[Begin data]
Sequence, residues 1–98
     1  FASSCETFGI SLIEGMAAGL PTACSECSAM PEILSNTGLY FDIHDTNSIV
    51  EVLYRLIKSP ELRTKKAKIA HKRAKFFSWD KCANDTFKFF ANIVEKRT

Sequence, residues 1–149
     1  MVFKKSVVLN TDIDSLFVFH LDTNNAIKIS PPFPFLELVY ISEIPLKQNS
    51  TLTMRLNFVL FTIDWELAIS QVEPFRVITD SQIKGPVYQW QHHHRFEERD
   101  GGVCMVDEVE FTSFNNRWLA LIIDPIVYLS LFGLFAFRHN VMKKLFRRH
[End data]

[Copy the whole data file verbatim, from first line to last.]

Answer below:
Sequence, residues 1–98
     1  FASSCETFGI SLIEGMAAGL PTACSECSAM PEILSNTGLY FDIHDTNSIV
    51  EVLYRLIKSP ELRTKKAKIA HKRAKFFSWD KCANDTFKFF ANIVEKRT

Sequence, residues 1–149
     1  MVFKKSVVLN TDIDSLFVFH LDTNNAIKIS PPFPFLELVY ISEIPLKQNS
    51  TLTMRLNFVL FTIDWELAIS QVEPFRVITD SQIKGPVYQW QHHHRFEERD
   101  GGVCMVDEVE FTSFNNRWLA LIIDPIVYLS LFGLFAFRHN VMKKLFRRH